Reports from the 2010 population and housing census show that about 3 million people live in Accra. The city is experiencing rapid population growth, consistent with the United Nations’ projections of urbanisation trends in Africa. It is believed that rural-urban migration accounts for a considerable proportion of Accra’s growth.
A notable aspect of the city’s growth is the growth of slums on marginal lands, on or close to river banks and waterways. The population on those lands are identified to be very low income earners and the city’s underclass living in poverty. Sodom & Gomorrah in central Accra is a clear example. The pressures on those lands are not unrelated to Ghana’s 1.7 million housing deficit.
The residents construct shacks with cardboards, or thin plywood and iron sheets. In some instances, the builders fill-up dry stream channels with rubble to construct their houses. Such developments lack building permits and are never supervised by qualified technician. Those poverty enclaves are vulnerable to flooding almost always.
Poor flows in drainage networks
Accra has an underdeveloped drainage network. Several natural river and stream courses drain the city from the north to the south. Some short sections of these large river channels have been reinforced with concrete dykes. One can find them in the Nyaniba Estates, Nima, La and Mamponsee.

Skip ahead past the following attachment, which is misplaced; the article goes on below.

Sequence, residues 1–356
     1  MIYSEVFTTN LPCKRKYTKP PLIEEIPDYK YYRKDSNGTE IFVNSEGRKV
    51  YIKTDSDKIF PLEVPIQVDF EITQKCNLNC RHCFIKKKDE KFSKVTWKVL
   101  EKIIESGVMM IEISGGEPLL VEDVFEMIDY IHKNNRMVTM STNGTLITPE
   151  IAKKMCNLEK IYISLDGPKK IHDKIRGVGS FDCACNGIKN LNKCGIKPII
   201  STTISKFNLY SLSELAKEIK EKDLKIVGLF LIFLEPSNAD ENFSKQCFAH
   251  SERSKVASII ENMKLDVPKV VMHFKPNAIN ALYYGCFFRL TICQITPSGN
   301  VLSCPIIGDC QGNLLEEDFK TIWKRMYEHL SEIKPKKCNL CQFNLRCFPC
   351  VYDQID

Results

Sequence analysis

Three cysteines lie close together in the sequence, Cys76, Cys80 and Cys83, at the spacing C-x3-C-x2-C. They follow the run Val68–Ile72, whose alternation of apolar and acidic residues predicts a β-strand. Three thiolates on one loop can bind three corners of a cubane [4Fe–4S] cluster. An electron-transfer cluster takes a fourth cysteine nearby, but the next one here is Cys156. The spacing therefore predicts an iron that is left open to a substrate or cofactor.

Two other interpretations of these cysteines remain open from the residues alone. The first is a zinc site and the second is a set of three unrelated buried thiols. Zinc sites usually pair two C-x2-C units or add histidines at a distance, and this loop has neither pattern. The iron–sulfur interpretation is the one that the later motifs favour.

Besides these water courses, there are drains that run along most asphalt streets, and much smaller ones laid in some of the small, previously planned neighbourhoods, draining sewerage and run-offs.
In all, engineered drains are a small fraction of the city’s requirement. Apart from their insufficiency, many have been observed to be undersized, unconnected, or improperly channeled. As a result, some floods have been traced such faulty drains.
At this stage one can imagine clearly how the factors enumerated above act together to produce the floods. Besides these, another significant factor, which perhaps is the most critical cause, sometimes, is what seems to be official sluggishness, if you may, towards executing adequate flood preparedness and mitigation schemes.
Even though researchers have documented the cycle of floods recurrence, the regular havoc they wrought on unfortunate residents catches the authorities, pants down most of the time. How long must the people of Accra and its businesses endure such avoidable disasters?